Flute: History & Facts

Instructor: Kevin Newton

Kevin has edited encyclopedias, taught history, and has an MA in Islamic law/finance. He has since founded his own financial advice firm, Newton Analytical.

People have been playing the flute for longer than they have been farmer, working metal, or even before humanity tamed animals. Learn more about one of the first musical instruments ever created.

Ancient History

The first flutes predate domestication, farming, and metalworking. They dated from 40,000 BC and were made from the bones of various animals. These instruments not only have mouthpieces but also holes to govern airflow through the instrument. The oldest specimens originate in Europe, but more recent examples from around 9,000 BC have been found in China. So crucial were these early flutes that some archaeologists have suggested that they helped to separate modern humans from Neanderthals.

These instruments were almost always made out of bone, as the space left after the disposal of the marrow left a perfect channel for air. However, with time other materials were adopted, especially bamboo and other reeds. In any event, the universal nature of the flute made it popular throughout not only the ancient world but across cultures.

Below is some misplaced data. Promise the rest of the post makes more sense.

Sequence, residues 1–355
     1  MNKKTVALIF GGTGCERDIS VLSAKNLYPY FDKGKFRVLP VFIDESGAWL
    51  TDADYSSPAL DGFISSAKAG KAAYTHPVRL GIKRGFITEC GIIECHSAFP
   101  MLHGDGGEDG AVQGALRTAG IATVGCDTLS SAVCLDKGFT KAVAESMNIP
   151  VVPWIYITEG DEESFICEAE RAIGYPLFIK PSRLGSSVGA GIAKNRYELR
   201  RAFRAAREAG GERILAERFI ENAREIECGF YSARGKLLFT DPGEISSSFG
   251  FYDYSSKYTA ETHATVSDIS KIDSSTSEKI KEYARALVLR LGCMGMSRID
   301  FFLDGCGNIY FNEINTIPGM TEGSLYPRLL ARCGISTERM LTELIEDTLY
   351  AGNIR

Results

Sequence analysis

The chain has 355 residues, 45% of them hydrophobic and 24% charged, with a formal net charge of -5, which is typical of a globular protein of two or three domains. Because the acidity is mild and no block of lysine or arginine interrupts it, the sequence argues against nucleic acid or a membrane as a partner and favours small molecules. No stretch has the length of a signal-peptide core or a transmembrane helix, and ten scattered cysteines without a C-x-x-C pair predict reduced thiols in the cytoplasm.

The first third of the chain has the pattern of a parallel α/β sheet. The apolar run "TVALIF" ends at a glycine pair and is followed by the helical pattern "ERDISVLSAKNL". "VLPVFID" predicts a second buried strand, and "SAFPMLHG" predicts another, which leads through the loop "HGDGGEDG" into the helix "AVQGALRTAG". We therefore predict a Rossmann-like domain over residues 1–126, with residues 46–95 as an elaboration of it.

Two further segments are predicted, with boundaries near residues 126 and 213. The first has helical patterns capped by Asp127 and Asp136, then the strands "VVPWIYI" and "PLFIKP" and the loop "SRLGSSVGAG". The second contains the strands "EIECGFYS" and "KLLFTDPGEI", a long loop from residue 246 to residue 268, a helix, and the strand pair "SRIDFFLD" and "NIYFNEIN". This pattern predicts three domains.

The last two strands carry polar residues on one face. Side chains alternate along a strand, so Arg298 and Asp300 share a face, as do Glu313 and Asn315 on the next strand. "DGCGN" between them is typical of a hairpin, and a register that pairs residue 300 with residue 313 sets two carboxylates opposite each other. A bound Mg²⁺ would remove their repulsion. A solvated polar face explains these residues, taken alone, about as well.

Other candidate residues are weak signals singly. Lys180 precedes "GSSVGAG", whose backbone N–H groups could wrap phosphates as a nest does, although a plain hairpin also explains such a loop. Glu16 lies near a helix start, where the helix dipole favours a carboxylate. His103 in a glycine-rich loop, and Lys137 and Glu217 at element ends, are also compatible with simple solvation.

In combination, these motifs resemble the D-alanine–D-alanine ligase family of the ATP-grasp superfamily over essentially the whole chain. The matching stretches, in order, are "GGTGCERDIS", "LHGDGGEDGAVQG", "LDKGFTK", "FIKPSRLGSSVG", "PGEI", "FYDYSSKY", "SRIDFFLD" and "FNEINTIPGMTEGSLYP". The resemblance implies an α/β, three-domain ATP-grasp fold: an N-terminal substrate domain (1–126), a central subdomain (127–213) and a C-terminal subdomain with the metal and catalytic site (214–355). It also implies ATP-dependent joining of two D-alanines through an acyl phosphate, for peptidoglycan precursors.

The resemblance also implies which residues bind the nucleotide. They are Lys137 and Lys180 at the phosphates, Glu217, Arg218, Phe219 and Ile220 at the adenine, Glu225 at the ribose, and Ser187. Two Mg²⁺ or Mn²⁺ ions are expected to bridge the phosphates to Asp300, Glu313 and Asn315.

The Flute Around the World

Since flutes can be constructed easily from a number of materials found in nature, the instrument became popular around the world. From South America to China, flutes were created to express local music.

  • The bansuri is a flute style popular in Northern India. Like many other flutes, it is most often a transverse flute, meaning that the instrument is held horizontally and played by blowing air over the mouthpiece. That said, a number of fipple designs, which requires the musician to blow down into the length of the flute, can be found.

South Asian Flute
South Asian Flute

  • The dizi is actually a whole family of Chinese bamboo flutes, almost always played transversely. These flutes have various sizes to approximate the wide range of sounds common to Chinese music and are notably a prime example of an instrument that requires advanced techniques, even down to rhythm of breathing, from the musician to produce advanced results.
  • The zampoña is a fipple flute that the musician plays from blowing air into the instrument rather than just across a mouthpiece. It is most common in South America in the Andes Mountains, where it predates the arrival of Europeans by centuries. Of note is that is is a pan flute, meaning that multiple pipes secured together.

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